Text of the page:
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Yukon looks to preserve and manage grizzly bear population

Yukon's grizzly population appears to be doing well, even as the species faces threats elsewhere. 'So, the writing's on the wall that this is a species that if we're not careful ... we could be in that situation.'

'There's been many places where grizzly bears have gone extinct,' says biologist Tom Jung

'Even within the Yukon, there are areas where they may be doing better than in other areas. And part of the plan is trying to look at ways that we can monitor the situation,' said government biologist Tom Jung. (Government of Yukon)

Grizzly bears are generally doing "quite well" in Yukon, according to government biologist Tom Jung — and wildlife officials are aiming to keep it that way.

The territorial government is developing a conservation and management plan for the species, and it's asking Yukoners to weigh in on what that plan might look like.

The goal, Jung says, is to ensure that Yukon's grizzlies don't go the way of their cousins down south.

"Their populations often decline, and there's been many places where grizzly bears have gone extinct — a lot of the lower 48 [states] for example, some of the prairies provinces," he said.

The goal, Jung says, is to ensure that Yukon's grizzlies don't go the way of their cousins down south. 'Their populations often decline,' he said. (Mike Rudyk)

"So, the writing's on the wall that this is a species that if we're not careful ... we could be in that situation."

The plan would apply only to grizzlies, not black bears which are also common in Yukon.

Grizzly bears once ranged as far east as the Mississippi River, and as far south as central Mexico. Today, it's considered a threatened species in much of the U.S., and the Committee on the Status of Endangered Wildlife in Canada (COSEWIC) lists Western grizzlies as a species of special concern. The prairie population is considered extinct in Canada. 

A 2013 status report by COSEWIC estimated there were about 26,000 grizzly bears in Western Canada, with the majority of them in B.C. (approximately 15,000). Yukon had an estimated 6,000 to 7,000 grizzlies.

The federal government says loss and fragmentation of habitat is one of the biggest threats to Canada's grizzly population. A naturally low reproductive rate adds to the population's vulnerability.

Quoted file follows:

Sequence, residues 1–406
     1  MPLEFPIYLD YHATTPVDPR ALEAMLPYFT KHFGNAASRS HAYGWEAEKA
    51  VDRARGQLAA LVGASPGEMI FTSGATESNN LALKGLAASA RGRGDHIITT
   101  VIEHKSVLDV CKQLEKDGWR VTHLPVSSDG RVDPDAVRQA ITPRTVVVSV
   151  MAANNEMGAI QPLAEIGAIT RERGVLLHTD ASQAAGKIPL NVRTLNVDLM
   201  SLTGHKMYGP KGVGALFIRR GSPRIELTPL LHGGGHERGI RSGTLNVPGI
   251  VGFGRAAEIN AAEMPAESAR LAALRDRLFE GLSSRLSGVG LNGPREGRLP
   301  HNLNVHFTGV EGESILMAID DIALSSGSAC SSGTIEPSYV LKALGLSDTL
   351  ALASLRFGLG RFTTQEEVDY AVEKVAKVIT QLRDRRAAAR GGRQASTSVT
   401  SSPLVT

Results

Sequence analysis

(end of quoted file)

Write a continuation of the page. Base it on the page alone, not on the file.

"Even within the Yukon, there are areas where they may be doing better than in other areas. And part of the plan is trying to look at ways that we can monitor the situation," Jung said.

"So we're trying to be proactive here."

A 2013 status report by the Committee on the Status of Endangered Wildlife in Canada (COSEWIC) estimated there were about 26,000 grizzlies in Canada, about a quarter of them in Yukon. (Government of Yukon)

Online survey

Environment Yukon, along with the Yukon Fish and Wildlife Management Board, is asking Yukoners to fill out an online survey about grizzlies. It asks about people's experiences hunting the bears, or seeing them in the wild. It also asks opinions about bear conservation and protection.

"Grizzly bears are kind of a species of national interest, and so if there's going to be a national recovery plan — as it's a species of special concern — then we want [Yukon's] plan to be able to inform the national discussion," said Tecla Van Bussel of the Fish and Wildlife Management Board.

"We're hoping to hear from folks across the territory ... and make sure it's representative of everyone's perspectives."

The survey asks about specific issues, such as roadside hunting and camping restrictions, but Jung said the resultant management plan "may not get down into the weeds".

"It's meant to really be a foundation, or framework, piece that we can use to manage bears from, so that when we do hit certain issues that we want to discuss ... that we have this piece and we can [look] back and see whether our actions are consistent with our overall management direction." 

The deadline to fill out the online survey is Saturday.

With files from Sandi Coleman

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